Were you bought a beautiful Phalaenopsis orchid for your birthday and now it just doesn’t seem to be blooming as it should? Don’t worry, we’ve all been there!
No matter what your orchid is up to, we’ve got the answers to help you keep your beloved flower in tip top condition throughout the year.
Help: my blooms are wilting/ falling off
Calm down, this is a normal part of an orchid’s lifecycle.
However, premature flower loss could be the result of a sudden change in temperature; for example, if the temperature becomes too low when the plant is dry or when the temperature rises too high when the roots have too much water.
To tackle this issue, it’s recommended that you avoid cold or warm drafts around your orchid, so keep them away from open windows or heat vents.
Help: the stem has changed colour
Once the flower stem of your orchid begins to turn brown, you’ll know that you won’t be seeing any more flower buds growing on it.
All you need to do is remove the entire brown spike – and inch from the base of the plant – as this will allow the plant to focus on keeping the leaves and roots healthy.
Help: the leaves have changed colour/look dull
Dark green leaves are the sign you should be looking for to discover if your orchid isn’t getting a sufficient amount of light.
If this is the case, simply move it into a brighter room, avoiding direct sunlight.
Meanwhile, white leaves – particularly if they die and turn black – mean that your orchid is simply getting too much light. In this case, all you need to do is move it out of direct sunlight and away from west-facing windows.
However, yellow leaves can be a little more difficult to tackle. If only the bottom of the leaf is beginning to turn yellow, your orchid is probably getting ready to make room for new growth. But if you notice yellow spots and the entire leaf eventually turns yellow, you can blame spider mites.
Leaves that are limp or dull and eventually wrinkle mean that your orchid is dehydrated; simply increase watering and repot it if its roots don’t look green and healthy.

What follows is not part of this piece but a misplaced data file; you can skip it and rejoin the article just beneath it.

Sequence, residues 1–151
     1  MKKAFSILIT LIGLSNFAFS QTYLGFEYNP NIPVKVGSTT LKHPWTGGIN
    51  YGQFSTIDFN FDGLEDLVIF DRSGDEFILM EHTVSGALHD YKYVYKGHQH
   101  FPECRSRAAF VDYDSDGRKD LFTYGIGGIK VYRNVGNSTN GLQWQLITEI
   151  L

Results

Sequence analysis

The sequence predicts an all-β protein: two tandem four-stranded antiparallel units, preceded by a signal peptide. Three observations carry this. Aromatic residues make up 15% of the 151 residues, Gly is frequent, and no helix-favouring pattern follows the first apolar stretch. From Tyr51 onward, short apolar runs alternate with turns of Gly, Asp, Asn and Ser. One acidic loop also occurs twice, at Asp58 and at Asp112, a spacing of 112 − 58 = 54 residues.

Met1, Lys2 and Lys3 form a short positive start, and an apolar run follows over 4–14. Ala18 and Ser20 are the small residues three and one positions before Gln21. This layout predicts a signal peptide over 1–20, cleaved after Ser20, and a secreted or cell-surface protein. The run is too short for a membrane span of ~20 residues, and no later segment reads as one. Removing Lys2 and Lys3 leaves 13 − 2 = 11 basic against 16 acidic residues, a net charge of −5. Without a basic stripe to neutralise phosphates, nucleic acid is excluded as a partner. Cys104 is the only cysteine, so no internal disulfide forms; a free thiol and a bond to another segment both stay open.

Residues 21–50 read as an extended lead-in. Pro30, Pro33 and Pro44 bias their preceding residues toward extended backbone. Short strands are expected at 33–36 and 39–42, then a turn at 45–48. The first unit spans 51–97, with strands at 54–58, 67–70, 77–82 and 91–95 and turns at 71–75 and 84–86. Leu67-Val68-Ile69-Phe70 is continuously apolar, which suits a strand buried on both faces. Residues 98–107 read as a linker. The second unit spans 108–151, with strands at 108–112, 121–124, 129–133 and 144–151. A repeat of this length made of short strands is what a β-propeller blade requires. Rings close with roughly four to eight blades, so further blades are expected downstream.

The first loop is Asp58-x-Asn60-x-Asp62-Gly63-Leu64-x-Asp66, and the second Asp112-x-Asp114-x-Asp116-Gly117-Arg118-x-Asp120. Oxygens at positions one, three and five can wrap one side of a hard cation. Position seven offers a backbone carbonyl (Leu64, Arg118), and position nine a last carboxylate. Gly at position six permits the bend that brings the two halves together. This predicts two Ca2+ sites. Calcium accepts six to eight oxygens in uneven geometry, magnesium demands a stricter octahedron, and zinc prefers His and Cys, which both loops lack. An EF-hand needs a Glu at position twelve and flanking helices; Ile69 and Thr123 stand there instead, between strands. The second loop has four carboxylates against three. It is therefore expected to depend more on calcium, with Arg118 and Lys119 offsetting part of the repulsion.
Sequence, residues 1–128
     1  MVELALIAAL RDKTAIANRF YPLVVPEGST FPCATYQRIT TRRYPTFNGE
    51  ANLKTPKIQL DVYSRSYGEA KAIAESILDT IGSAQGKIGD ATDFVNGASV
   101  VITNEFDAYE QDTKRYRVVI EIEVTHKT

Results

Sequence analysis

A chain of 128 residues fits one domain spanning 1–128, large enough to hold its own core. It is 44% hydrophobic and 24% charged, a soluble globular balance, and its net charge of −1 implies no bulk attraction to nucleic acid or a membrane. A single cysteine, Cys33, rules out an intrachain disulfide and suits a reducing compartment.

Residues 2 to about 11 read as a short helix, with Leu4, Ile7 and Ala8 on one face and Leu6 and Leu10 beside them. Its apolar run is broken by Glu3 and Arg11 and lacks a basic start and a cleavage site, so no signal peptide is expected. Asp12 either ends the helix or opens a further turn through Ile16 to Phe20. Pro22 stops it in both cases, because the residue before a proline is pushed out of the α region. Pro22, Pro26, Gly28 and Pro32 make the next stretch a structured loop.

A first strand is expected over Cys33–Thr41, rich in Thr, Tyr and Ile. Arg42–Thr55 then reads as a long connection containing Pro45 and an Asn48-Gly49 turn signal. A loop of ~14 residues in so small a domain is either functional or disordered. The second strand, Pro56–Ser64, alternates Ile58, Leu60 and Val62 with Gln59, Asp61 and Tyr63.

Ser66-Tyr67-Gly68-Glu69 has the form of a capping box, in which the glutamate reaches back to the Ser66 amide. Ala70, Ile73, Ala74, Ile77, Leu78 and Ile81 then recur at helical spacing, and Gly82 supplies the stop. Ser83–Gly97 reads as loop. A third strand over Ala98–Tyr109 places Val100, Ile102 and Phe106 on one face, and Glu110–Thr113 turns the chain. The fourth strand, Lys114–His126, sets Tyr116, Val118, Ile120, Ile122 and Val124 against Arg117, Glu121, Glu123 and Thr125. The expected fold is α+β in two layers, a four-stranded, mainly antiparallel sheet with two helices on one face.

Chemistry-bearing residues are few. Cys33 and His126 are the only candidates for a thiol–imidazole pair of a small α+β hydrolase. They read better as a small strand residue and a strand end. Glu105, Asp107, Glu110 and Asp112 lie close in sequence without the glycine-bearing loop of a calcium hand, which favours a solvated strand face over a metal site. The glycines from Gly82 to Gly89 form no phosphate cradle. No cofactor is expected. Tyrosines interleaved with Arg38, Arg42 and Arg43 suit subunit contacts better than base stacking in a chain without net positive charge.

Help: there are green spots on the blooms
The green spots on the flowers are an indication that the blooms are ageing which is a natural process, so no need to panic.
However, this ageing will happen a great deal faster if your plant is dehydrated; keep checking the colour of your orchid’s roots as this is a good indicator of whether your plant needs more water.
Help: the smallest buds are dying
It’s important to note that the smallest buds found on the flower spike are the most sensitive part of the plant and when it discards the unopened buds, it’s called “bud blast”. This will occur if the temperature suddenly changes, low levels of light or even due to you touching them with your hands.
To prevent this from happening, try to move your orchid to an area that receives plenty of indirect sunlight with a consistent temperature.
Help: are the roots rotting?
If the roots of your orchid are turning grey, mushy and smell of mould, there is one simply answer; your plant is overwatered.
The best thing to do is let it dry out, which could take up to 10 days. Once you’ve done this, resume watering it normally.
Help: there’s a sticky substance on my orchid
This “sticky substance” isn’t harmful to your orchid, so there’s nothing to worry about. This normally occurs when there is a sudden drop in temperature and your orchid becomes cold.
To remove this substance, simply wipe it off the leaves with a warm, damp towel. Simple!
Help: my plant is sunburnt
You’ll notice your leaves are sunburnt when you find yellow spots that eventually turn white. Unfortunately, there isn’t actually anything that can be done after a Phalaenopsis orchid suffers from heat damage.
The best way to ensure your Phalaenopsis orchid remains healthy and glowing is to regularly check its roots as they are a great indicator of how well your plant is doing. Well-watered roots should be a healthy green colour, while grey/ white ones reveal dehydration.
Help: my Phalaenopsis orchid lost all of its leaves
Unfortunately, if this occurs it’s normally a sign that your plant has a disease and is unlikely to recover. However, if it’s only lost one or two, you have nothing to worry about as this is perfectly normal. Now that you’ve learnt just about everything you need to know about your Phalaenopsis orchid, there’s no reason your plant won’t be blooming for the distant future.
If you’re planning to send Phalaenopsis orchid as a gift, you can shop at SerenataFlowers.com to choose from a fabulous range of white orchids, yellow orchids, pink orchids of various varieties all with free next day delivery in the UK.
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Thanks you so much for this helpful article! I have orchid at home and started loosing its blooms. I got worried that I am not looking after enough for it. I am really happy to find your article and to read all those useful information about orchid. Best regards